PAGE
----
Osa Tako Hero: Takoyaki Cart, Ultimate Street Food for Frozen Vancouver Days
700 West Pender Street, downtown Vancouver
What’s perfect for ice cold Vancouver days? You guessed it, hot, fried Takoyaki balls! Bundled up with toque, scarf, winter coat and gloves, I decided to brave the sunny but freezing cold weather for a tray of the scrumptious fried balls.
I could hear the sizzle of the Takoyaki pan and smell the delicious aroma of fried dough wafting from the little Osa Tako Hero cart from halfway down the block. Blaring from a little radio in the cart was also some catchy Japanese pop music. As soon as I walked up to the cart, I spotted the cartoon Osa Tako Hero characters that I had been reading about on Twitter and hearing about from fellow bloggers. If you visit Osa Tako Hero’s website, you’ll find out that each character has an intricate back story. And nobody loves a good story more than I do. I love this cart already!
The guy manning the cart today was wearing an orange bandana just like one of the Osa Tako Hero characters, Takuo Endo, I’m not sure if Takuo Endo’s character is loosely based on him or not. But the whole ‘concept’ of the characters and the Osa Tako Hero cart’s menu is that each Takoyaki ball is considered a ‘hero,’ you pick the number of heroes you’d like than arm the hero with a ‘Flag’: regular takoyaki sauce or spicy, you can upgrade the hero’s powers with additional items, otherwise known as toppings such as shredded seaweed (Ninja Black Nori Sword), cheese (Samurai Cheese Armour), or Canadian Maple syrup (Kanata Maple Shield) and more. And yes, the toppings known as ‘power up’ items on the website also each have a back story. What are the heroes fighting against? Who other than the evil characters of Shimiro and Warumong destroying the earth of course. Once I finally understood the menu (and the back stories), it became pretty fun to place an order.
I went with what the guy manning the cart called a ‘fusion order’ five takoyaki balls with regular sauce and maple syrup and five takoyaki balls with spicy sauce and lots of shredded cheese. Like I’ve always said about cheese ramen, the Japanese are one of the only Asian cultures who know what to do with cheese. And cheese and fried food go hand in hand.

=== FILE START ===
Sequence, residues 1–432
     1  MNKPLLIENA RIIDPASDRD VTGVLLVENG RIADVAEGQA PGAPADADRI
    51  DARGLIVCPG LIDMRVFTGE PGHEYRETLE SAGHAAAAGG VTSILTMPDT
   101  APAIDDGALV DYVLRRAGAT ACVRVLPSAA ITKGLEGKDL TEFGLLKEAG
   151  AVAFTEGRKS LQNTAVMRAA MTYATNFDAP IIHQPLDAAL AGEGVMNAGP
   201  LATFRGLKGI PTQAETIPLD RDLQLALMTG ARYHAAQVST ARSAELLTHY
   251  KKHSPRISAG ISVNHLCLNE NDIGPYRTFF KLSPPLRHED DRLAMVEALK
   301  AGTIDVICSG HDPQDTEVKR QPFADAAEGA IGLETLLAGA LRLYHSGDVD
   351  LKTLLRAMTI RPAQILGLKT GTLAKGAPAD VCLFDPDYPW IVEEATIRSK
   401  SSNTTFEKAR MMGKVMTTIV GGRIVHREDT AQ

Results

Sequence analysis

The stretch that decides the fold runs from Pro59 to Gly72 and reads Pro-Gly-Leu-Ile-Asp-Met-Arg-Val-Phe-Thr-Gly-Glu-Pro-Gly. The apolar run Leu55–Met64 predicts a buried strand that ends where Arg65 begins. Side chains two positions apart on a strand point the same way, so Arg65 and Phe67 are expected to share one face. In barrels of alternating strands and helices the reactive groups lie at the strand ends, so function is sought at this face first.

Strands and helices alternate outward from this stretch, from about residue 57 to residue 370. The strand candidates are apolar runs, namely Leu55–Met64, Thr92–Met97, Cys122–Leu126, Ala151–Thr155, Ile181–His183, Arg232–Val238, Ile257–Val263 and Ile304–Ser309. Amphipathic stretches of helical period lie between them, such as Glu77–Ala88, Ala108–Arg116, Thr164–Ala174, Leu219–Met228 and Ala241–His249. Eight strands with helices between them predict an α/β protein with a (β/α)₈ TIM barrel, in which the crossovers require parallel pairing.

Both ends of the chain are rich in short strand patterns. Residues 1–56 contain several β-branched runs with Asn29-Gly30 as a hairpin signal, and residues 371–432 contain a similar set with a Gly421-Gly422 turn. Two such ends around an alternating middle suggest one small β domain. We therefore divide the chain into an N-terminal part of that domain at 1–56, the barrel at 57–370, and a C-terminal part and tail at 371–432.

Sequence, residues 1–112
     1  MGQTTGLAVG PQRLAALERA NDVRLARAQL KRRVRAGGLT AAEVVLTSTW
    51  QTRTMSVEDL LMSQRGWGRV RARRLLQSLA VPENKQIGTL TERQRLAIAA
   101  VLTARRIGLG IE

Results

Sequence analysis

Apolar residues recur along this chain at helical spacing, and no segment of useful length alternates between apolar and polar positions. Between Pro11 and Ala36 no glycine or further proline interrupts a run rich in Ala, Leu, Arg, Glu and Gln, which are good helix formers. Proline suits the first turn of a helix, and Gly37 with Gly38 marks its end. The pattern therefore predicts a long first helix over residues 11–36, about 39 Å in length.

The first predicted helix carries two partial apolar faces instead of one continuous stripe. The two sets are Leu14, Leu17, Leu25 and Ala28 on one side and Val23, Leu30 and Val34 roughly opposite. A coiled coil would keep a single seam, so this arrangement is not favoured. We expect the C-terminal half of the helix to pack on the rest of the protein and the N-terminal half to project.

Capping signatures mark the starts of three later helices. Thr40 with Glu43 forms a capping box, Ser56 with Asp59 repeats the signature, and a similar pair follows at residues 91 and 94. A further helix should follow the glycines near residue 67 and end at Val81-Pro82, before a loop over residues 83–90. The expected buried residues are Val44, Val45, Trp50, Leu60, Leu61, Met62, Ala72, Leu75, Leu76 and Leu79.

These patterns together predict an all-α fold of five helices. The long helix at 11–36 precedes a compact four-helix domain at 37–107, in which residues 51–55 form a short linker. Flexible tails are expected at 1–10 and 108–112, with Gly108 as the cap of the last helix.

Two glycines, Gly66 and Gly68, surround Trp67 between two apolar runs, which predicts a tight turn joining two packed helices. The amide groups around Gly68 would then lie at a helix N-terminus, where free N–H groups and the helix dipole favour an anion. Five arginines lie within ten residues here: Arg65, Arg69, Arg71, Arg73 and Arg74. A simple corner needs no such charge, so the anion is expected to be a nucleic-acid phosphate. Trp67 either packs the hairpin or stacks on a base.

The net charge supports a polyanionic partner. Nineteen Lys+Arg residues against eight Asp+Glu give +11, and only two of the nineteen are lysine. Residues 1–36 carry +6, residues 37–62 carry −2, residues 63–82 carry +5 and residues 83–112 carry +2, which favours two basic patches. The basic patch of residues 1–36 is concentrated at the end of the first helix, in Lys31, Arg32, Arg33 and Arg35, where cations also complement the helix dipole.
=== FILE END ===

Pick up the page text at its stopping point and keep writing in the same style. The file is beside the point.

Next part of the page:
It was entertaining to watch my takoyaki balls being prepared, being poked around by the little fondue pokers as they bubbled and browned on each side. They smelled incredible as they were cooking. Before long, a queue of people were waiting behind me.
I couldn’t wait to dig in when my order was ready! Drizzled with Japanese mayo, the takoyaki balls were piping hot when served to me. It was pretty excruciating to wait for them to cool down enough to gobble. My first bite a few minutes later was pretty amazing. I wasn’t prepared for these little balls cooked at a food cart to taste so delicious as if they came right out of a restaurant deep fryer. Crispy and delicate on the outside and soft and fluffy on the inside, and tucked right in the center is a large, tender piece of octopus. Altogether, it was a pretty extraordinary package with many different textures. And the balls are perfectly bite-sized, making them a dangerously addictive snack. They are advertised as having health benefits though. See below.
I loved that the sweet and nutty maple syrup enhanced the sweetness in the regular takoyaki sauce. Also, I’ll eat maple syrup in practically anything (the Canadian in me, I guess). The runny syrup also offset some of the thick creaminess of the Japanese mayo. It was a winning combo.
I was a little bit nervous about the spicy takoyaki sauce. I am a bit of a spice wimp. But the spicy sauce turned out to be pretty mild even by my standards. I think this may also have been because the spicy sauce was balanced by the massive amount of cheese melted on top. The salty, gooey cheese was perfect on top of the fried octopus balls making this snack substantial enough to be a full lunch.
I’m also happy to report that the piece of tasty octopus at the center of each ball was pretty sizable. You really get a meaty, slightly chewy, tender piece of seafood.
It’s about time a takoyaki cart opened downtown! It’s such a treat to be eating these round morsels of deep fried goodness outside of the Richmond Night Market! I will totally be back for more.